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Jason Lu, chief partner,
River Delta Law Firm

Following The Legal 500’s annual Shanghai employment forum, The Legal 500
sits down with chief partner of River Delta Law Firm, Shanghai, Jason Lu.
Jason explains how River Delta is adapting to clients' changing needs in handling employment matters.


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image of Jason Lu

Above: Mr Jason Lu speaking at the Shanghai Employment Forum event – May 2019.

How would you define your firm’s culture? How important is firm culture to you?

Jason Lu (JL): River Delta Law Firm (RDLF) is a family. Our corporate management style easily allows trust and teamwork between our firms. We further nurture this feeling through frequent social activities, such as sports days, or simply celebrating an employee’s birthday with a cake! This feeling of trust and friendship is reflected in our services to clients, and we have the same attitude towards them. Clients are friends of RDLF and we will always strive to do our utmost for our friends.

Our firm’s culture also consists of a passion for labor law. With every team focusing on this field, it is only natural that everyone is passionate about it. We love to write and share articles and information on domestic or foreign labor and employment law, both internally and externally.

What does innovation mean to you and how can firms be better at it?

JL: Innovation means staying ahead of the competition by offering more material value through any and all means possible. This necessitates research into new technologies and talent with a confident reinvestment of profits. Part and parcel of the research is in recognizing the competition’s strengths and weaknesses, while also paying due regard to one’s own strengths and weaknesses. Only then can one identify where the money should go and why.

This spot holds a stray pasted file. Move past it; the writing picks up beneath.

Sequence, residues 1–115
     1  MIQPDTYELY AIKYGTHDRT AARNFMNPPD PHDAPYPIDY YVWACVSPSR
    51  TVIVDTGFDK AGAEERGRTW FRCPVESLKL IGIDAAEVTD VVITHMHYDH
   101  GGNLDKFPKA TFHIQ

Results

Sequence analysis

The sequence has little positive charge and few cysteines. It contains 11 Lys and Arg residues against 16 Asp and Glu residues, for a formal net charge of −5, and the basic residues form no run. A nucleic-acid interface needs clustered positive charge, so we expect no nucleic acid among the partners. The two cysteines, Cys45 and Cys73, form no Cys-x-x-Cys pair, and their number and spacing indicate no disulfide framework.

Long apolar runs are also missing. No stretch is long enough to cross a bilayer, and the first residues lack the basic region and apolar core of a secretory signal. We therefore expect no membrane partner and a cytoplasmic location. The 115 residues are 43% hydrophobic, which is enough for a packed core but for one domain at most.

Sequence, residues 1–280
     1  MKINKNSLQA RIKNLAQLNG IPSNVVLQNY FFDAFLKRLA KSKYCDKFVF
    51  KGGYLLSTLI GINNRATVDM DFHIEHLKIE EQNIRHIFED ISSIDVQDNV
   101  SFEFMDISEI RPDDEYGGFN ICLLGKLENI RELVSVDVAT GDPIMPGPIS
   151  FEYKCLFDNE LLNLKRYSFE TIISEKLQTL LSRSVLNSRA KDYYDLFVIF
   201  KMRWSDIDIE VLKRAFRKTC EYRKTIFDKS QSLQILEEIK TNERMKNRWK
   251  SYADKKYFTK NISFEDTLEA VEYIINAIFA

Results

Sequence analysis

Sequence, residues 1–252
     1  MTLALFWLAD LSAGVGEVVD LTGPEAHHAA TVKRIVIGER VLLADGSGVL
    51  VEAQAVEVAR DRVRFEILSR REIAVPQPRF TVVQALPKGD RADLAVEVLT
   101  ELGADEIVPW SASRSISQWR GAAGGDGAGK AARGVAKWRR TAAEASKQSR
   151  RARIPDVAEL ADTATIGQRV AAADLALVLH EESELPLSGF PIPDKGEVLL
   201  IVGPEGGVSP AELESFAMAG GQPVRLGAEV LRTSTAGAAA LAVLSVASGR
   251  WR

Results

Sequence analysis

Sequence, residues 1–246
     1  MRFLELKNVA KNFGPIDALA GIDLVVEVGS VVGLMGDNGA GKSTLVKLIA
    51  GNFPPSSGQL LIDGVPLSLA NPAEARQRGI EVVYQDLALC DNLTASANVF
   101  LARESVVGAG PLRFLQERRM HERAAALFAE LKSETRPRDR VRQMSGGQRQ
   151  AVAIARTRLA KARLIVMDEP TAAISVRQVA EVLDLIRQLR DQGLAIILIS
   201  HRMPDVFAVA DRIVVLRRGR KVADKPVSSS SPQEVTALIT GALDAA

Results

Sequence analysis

What are the biggest challenges facing firms of your size in China?

JL: With the development of globalization and the implementation of China's One Belt and One Road strategy, internationalization of our law firm and lawyers becomes one of the biggest challenges. To consistently improve our service qualities to both foreign-invested clients and our clients investing abroad will be always important to our law firm.

To keep up the broad implementation of new technology, especially the implementation of AI in legal areas, our law firm needs to comply with such new reforms and seek new growth in the field of labor law.

What are the biggest trends facing your practice?

JL: Trends that have recently altered the nature, character and volume of our work have included the “Doing Business” cost-cutting and increasing efficiency of enterprises, the #MeToo movement, the promulgation of the GDPR, the rise of the gig economy, the One Belt One Road initiative, and numerous others. RDLF is consciously and constantly speculating on the next trends and how the law may react – in turn, the subject of much of my academic research. A consequence of this state of readiness is that our client solutions and advice to foreseeable issues will always be the most effectual available.

What have you found is the best way to retain talent – both at partner and associate levels?

JL: A structured and consistent approach towards the recognition of, praise and reward for good work is essential. If the partner/associate knows that 1) their hard work is recognized and valued, and 2) they will receive a direct return as a result, they will have a strong incentive to stay and cultivate their talent.

With this in mind, I would consider the following to be good management advice: keep records of employee’ successes, schedule regular work reviews, maintain clear lines of communication, speak candidly and honestly, and apportion rewards or benefits fairly.